But it is the post-poll permutations of who comes and goes out of the National Assembly that makes for even more fascinating reading.
While the disruption represented by the EFF is almost guaranteed to endure, the inner sanctum of the national legislature will never be the same.
It remains to be seen if the EFF could be persuaded to sing a different tune by their newest MP, Ringo Madlingozi.
But, from Andries Tlouamma of Agang SA, who says his party’s departure from Parliament is “a painful blessing”, to Mzwanele Manyi’s new entrants, the African Transformation Movement (ATM), the story of who comes in and who goes out of the sixth Parliament is one made for pay TV.
Perhaps the biggest casualty of the elections has been the African People’s Convention (APC), led by Themba Godi.
After the 30-day unbroken journey he took across the country, engaging with the electorate at taxi ranks and shopping malls, Godi is of the opinion the election outcomes are not in consonant with the effort he put in.
The APC is not returning to Parliament after failing to garner a single seat from its 19593 votes.
He claimed the responses to his message had been positive and he found it inconceivable that the APC could score a paltry 0.11% of the national vote, down from 0.17% in 2014 and 0.2% in its first year in Parliament in 2009.
The APC was meeting this weekend to get to the root of this dismal showing, he said. “We were victims of terrible shenanigans that accompanied these elections.”
Despite the setback, “which is only temporary”, Godi said the spirit in the party was high and the next target was the 2021 local government elections. “We still have councillors throughout seven provinces; it’s not like we’ll be starting from scratch.”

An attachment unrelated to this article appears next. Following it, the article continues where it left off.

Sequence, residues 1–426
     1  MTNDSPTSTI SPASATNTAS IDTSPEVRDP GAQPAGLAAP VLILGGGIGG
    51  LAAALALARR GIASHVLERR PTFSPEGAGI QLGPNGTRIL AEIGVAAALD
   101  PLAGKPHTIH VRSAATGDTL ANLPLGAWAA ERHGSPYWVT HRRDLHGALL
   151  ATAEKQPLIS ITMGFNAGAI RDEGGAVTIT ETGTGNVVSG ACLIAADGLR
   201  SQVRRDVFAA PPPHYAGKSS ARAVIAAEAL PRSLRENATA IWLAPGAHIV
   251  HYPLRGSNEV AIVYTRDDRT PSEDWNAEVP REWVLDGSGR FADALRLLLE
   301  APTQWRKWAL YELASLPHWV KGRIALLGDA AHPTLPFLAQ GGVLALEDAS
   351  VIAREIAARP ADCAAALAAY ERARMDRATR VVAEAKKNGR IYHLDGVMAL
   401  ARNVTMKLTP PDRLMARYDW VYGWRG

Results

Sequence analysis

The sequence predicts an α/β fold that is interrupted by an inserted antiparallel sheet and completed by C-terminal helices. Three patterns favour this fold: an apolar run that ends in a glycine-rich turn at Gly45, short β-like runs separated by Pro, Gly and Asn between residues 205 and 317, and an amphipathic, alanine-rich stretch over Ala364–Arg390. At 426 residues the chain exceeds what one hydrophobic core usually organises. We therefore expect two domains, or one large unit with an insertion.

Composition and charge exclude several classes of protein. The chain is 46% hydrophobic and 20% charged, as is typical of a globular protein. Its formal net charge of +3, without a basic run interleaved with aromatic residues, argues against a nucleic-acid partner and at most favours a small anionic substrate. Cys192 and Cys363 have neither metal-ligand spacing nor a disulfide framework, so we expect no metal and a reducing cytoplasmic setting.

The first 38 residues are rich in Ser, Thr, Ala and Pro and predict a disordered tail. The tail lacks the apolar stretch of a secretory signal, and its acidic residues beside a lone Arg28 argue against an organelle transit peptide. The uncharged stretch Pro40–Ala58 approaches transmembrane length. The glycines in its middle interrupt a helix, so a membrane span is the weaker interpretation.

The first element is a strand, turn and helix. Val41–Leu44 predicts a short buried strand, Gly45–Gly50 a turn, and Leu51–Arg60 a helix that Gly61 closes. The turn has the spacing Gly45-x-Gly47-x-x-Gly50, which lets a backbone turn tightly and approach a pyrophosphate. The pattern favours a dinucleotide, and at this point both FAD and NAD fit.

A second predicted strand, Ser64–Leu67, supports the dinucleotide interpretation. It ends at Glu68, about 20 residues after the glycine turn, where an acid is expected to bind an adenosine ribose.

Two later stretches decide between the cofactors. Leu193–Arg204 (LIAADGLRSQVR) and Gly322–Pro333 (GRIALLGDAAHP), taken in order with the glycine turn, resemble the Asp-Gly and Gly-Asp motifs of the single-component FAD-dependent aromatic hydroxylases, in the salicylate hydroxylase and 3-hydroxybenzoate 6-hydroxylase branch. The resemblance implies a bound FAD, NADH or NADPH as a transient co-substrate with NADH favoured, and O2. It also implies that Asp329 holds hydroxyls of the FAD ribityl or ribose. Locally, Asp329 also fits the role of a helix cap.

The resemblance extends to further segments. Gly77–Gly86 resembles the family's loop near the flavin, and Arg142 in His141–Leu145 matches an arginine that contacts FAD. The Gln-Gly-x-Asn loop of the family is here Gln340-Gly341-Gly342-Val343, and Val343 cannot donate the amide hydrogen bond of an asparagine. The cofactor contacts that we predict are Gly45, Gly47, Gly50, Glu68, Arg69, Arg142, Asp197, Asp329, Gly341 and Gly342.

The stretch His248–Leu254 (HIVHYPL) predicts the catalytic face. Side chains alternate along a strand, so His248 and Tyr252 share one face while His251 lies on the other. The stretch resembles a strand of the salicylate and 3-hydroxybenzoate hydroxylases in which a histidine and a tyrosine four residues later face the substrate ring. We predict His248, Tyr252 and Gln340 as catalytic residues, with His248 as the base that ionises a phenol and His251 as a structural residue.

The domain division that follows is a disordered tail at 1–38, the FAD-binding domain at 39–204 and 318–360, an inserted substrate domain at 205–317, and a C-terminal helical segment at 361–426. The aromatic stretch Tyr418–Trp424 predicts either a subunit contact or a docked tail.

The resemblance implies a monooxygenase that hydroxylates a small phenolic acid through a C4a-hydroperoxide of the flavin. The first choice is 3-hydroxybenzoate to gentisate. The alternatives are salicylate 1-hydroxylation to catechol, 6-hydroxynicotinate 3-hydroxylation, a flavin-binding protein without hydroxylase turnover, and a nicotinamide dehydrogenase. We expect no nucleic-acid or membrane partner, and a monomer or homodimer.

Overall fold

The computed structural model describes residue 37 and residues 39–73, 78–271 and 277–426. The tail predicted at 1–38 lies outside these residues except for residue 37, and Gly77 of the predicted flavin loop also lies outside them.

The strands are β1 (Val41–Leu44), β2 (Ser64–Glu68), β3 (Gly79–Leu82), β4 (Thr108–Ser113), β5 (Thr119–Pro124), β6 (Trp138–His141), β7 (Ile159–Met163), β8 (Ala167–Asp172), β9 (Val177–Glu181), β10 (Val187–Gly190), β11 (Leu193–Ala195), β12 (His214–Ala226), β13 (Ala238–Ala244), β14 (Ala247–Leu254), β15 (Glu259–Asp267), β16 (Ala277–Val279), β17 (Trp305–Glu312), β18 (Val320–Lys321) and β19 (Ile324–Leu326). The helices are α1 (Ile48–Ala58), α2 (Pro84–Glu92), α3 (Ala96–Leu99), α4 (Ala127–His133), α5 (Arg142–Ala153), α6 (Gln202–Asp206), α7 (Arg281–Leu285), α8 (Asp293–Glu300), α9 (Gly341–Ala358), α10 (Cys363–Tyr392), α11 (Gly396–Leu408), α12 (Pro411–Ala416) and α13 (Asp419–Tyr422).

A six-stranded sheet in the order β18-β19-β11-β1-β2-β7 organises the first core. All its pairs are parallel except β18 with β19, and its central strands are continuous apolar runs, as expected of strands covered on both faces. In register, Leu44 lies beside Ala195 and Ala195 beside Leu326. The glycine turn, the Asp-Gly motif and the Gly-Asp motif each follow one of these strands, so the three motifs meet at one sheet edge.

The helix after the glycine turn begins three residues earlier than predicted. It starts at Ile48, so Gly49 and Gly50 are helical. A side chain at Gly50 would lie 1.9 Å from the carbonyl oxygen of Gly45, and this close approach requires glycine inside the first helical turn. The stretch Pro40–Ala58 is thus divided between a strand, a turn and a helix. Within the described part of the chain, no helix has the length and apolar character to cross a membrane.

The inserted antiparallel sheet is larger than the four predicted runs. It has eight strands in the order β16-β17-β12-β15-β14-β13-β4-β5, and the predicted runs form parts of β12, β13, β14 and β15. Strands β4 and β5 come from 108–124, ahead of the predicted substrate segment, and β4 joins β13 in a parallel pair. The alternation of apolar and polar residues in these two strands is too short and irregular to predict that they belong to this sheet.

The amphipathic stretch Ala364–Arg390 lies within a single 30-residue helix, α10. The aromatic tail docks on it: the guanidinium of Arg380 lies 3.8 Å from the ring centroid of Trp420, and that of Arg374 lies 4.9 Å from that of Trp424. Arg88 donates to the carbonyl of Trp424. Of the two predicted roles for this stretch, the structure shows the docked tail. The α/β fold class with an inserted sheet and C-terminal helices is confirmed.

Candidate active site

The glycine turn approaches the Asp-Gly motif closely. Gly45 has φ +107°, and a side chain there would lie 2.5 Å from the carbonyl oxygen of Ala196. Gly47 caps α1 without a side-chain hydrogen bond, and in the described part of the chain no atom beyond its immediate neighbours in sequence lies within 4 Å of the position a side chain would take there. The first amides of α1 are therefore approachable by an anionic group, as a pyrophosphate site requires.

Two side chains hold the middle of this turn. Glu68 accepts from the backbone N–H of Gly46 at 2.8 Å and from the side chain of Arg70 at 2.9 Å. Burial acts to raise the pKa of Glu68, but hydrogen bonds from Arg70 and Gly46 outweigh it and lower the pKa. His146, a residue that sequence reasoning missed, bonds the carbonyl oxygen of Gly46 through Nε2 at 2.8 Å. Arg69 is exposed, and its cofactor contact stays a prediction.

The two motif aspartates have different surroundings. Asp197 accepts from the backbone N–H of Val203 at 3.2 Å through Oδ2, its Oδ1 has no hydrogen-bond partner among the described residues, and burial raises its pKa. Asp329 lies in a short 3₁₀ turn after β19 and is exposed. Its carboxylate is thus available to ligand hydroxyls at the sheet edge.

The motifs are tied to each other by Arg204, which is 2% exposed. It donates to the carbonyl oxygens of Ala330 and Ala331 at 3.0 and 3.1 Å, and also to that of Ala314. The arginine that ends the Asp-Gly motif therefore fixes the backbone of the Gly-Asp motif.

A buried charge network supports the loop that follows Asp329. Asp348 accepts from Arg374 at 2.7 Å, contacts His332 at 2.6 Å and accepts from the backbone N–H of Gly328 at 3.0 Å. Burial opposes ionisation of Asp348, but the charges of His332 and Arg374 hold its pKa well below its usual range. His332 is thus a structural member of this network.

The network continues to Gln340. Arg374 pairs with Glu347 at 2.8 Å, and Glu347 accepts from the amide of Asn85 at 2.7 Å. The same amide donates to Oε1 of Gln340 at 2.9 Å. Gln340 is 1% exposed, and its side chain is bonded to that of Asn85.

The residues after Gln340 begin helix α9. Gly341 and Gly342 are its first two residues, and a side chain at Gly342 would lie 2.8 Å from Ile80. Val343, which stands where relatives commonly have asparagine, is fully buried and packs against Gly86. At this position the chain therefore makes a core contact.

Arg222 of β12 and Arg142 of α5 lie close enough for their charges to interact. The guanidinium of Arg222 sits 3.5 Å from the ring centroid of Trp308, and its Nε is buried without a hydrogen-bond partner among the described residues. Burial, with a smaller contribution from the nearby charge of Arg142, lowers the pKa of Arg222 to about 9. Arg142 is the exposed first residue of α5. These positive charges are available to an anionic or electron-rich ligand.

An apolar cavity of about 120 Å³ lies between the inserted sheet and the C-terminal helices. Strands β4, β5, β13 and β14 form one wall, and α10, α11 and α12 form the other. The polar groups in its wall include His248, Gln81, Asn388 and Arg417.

But it is not all doom and gloom. His illustrious work as head of the standing committee on public accounts (Scopa) brings a lilt to his otherwise lethargic voice courtesy, no doubt, of too many campaign speeches.
Scopa is a committee of Parliament and by virtue of him no longer being in Cape Town, he will not return to head it, Godi said.
He said the question of what health he left Scopa in is best answered by looking at the state he found it in when he took its helm in November 2005.
“I took over a committee that was in tatters,” he said, “a committee that was coming from the cold shadows of the Arms Deal.”
His immediate task was to blur party political lines and unite the members behind the task to make the committee effective and he leaves it as “the most trusted committee in parliament”.
Across party political affiliation, the members of Scopa became “just a band of comrades united against corruption”.
It is difficult to argue against what he’s achieved with Scopa.
Scopa would do well not to look further than Patricia de Lille, the initial whistle blower against the Arms Deal, who returns to Parliament after a prolonged absence that included a stint as mayor of Cape Town on a DA ticket.
Her new party, Good, won two seats.